Home>Discussions>ELECTRICAL & LIGHTING>Need help identifying this receptacle
4 posts / 0 new
Last post
Amy
Need help identifying this receptacle

I don't think "receptacle" is the right word. But regardless, I bought a 1920's house that appeared to have had all the knob & tube replaced (we went through inspection just fine). But I am trying to install a ceiling fan and have encountered a situation that I'm not sure about. I'm thinking I'll need an electrician for this one, but have a couple of questions first: 

1. Is this active knob & tube?

2. Is it possible to remove this metal fixture myself (I can't seem to get it unscrewed) and install the ceiling fan like I would with an updated electrical situation?

3. Will an electrician need to actually replace this wiring in order to have a ceiling fan in this location.

I've attached a picture. Thank you for any information you can toss my way!

Attachment: 
HandyAndyInMtAiry
Re: Need help identifying this receptacle

Amy,

Just because a home inspector did not see, or list anything about all the electrical wiring, does not mean that it was all replaced. Obviously not. This could be paper wrapped wire. Wire that was strug between the knobs, is usually bare with no type of insulation. Wiring of that time did not have insulation. There is nothing at all wrong with knob and tube wiring, as long as it is not overloaded.

You did not mention the type of ceiling fan you plan to install. I installed pulley driven fans on our front porch, because they fit the era of our house. If you are referring to a single fixture, then that box and circuit, as long as the circuit is switchable, will be fine.

Why would you want to try and remove that electrical box? And replace it with what? A plastic box? That one is steel, us it. That socket in the middle of the box is what was once used to hang the fixture from. That is called a chandelier box. At one time, that socket was used to pipe the natural gas into the light fixture. You coud most likely hang on that box, and it would not fall. Never replace that box.

Now to your questions:

1. First, there is no such thing as "active knob and tube". Do you mean, is there electricity using those two wires? Use an electrical meter and find out. You can also use a toner and wand to find out where they go. As long as there is no electricity using the wires.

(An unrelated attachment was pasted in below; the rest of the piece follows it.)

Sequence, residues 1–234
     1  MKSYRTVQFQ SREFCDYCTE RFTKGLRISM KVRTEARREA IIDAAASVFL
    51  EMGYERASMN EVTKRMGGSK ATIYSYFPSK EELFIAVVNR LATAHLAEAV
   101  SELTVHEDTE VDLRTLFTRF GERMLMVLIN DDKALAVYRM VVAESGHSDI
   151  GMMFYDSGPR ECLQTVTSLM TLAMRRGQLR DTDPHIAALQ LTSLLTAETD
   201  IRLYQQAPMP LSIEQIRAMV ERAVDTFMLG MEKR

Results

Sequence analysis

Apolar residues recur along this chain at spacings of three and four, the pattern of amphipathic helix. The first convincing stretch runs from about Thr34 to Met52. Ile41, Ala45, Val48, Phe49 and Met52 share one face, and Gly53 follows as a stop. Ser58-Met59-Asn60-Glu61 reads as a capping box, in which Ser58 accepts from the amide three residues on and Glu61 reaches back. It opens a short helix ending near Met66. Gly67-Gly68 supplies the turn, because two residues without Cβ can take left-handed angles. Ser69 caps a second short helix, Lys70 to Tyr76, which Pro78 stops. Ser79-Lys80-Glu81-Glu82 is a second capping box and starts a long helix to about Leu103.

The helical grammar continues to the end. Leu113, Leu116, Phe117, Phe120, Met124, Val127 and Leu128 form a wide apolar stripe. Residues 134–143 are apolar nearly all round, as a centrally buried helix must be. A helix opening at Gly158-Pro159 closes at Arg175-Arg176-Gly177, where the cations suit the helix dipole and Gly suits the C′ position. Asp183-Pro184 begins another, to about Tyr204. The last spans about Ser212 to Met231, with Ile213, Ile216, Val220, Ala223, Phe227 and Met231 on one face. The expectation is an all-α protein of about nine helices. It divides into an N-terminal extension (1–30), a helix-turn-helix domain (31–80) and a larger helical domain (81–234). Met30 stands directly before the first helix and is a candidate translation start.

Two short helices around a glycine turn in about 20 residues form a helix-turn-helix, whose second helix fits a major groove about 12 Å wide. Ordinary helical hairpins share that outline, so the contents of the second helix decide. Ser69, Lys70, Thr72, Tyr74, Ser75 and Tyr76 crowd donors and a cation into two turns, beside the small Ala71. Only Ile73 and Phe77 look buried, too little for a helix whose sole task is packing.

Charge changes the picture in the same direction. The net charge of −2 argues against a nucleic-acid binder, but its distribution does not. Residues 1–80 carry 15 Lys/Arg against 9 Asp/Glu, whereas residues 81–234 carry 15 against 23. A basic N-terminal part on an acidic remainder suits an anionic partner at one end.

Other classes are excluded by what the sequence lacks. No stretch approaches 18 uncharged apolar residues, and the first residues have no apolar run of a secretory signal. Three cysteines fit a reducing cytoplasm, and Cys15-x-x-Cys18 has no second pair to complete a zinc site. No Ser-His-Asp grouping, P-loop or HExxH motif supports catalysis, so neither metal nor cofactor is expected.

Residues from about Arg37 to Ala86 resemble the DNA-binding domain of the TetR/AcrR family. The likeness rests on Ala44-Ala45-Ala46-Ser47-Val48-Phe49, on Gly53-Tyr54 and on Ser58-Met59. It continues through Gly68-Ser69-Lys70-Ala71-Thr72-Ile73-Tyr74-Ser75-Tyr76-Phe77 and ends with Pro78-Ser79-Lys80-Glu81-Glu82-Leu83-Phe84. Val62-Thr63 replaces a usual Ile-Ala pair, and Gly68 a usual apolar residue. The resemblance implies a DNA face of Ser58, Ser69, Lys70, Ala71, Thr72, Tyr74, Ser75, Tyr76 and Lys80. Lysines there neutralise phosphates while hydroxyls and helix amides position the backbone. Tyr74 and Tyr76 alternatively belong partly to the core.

2. See my note above. There is no need to change the wiring if there is nothing wrong with that. You have plaster ceiling and wall coverings. Not worth the expense of damaging the plaster work to run a new wire when there are larger wires already there.

3. No. They can use that circuit as long as it is not overloaded, and does not cause a short. Also, as long as you do not want to have separate control of a light and a fan, if you happen to buy one with both a light and a fan. You would need two physical circuits going to that box for that. You have only one with no ground. That is also fine for that device.

Andrew

Handy Andy In Mt Airy NC.

Amy
Re: Need help identifying this receptacle

Thanks Andrew! That's actually great news! I guess my 2 concerns were whether or not I could keep that fixture in place and if the k&t was a deal breaker with a fan (with light). We've never lived in a house this old, so we're always overly cautious when we encounter something that we're not familiar with.

Also- thanks for the info on the chandelier box- really cool that the lights used to be lit via gas! 

HandyAndyInMtAiry
Re: Need help identifying this receptacle

Amy,

You're welcome. The wire size is one of the most important features. The wire used then is nice and large, looks like a #10. If it were my house, I would replace it all, but it does not have to today or tomorrow. Just do not overload anything without testing it first. I have performed a complete re-wire to our house. We went from a 60 amp service to a 600 amp service. And replaced all the old wiring with metal clad. MC is actually what was used in the early 1900's. Nothing can or wants to chew on it. Getting new wiring to each of the ceilings, except for the 3rd floor, was a little challenging without tearing up the plaster wall or ceilings. It can be done.

I grew up in a Victorian house that has all liquid fuel lamps, and then were changed over to a natural gas later. When my renst bought the house, we changed everything over to electric. But kept the fixtures, wired them and mounted them back. A nice family project. You may use that fitting to secure a hook and hang the fan from that.

Feel free to ask when ever you have questions, I breeze thru here a couple times a day.

I think old houses are so much better than the new ones that are being thrown up. We had a large tree fall on our roof and 3rd floor just a couple weeks ago. We just had a structrual enginner and an adjuster here this last friday, and they said it looked so great. Very little work will be needed to repair the roof. Not even the plaster in the ceiling under the hole in the roof was cracked. A couple of the copper gutters were damaged, and that company is sending up more to replace complete side of the house. Old structures are just so much better.

Andrew

Handy Andy In Mt Airy NC

 

Sponsored Stories

TV Listings

Find TV listings for This Old House and Ask This Old House in your area.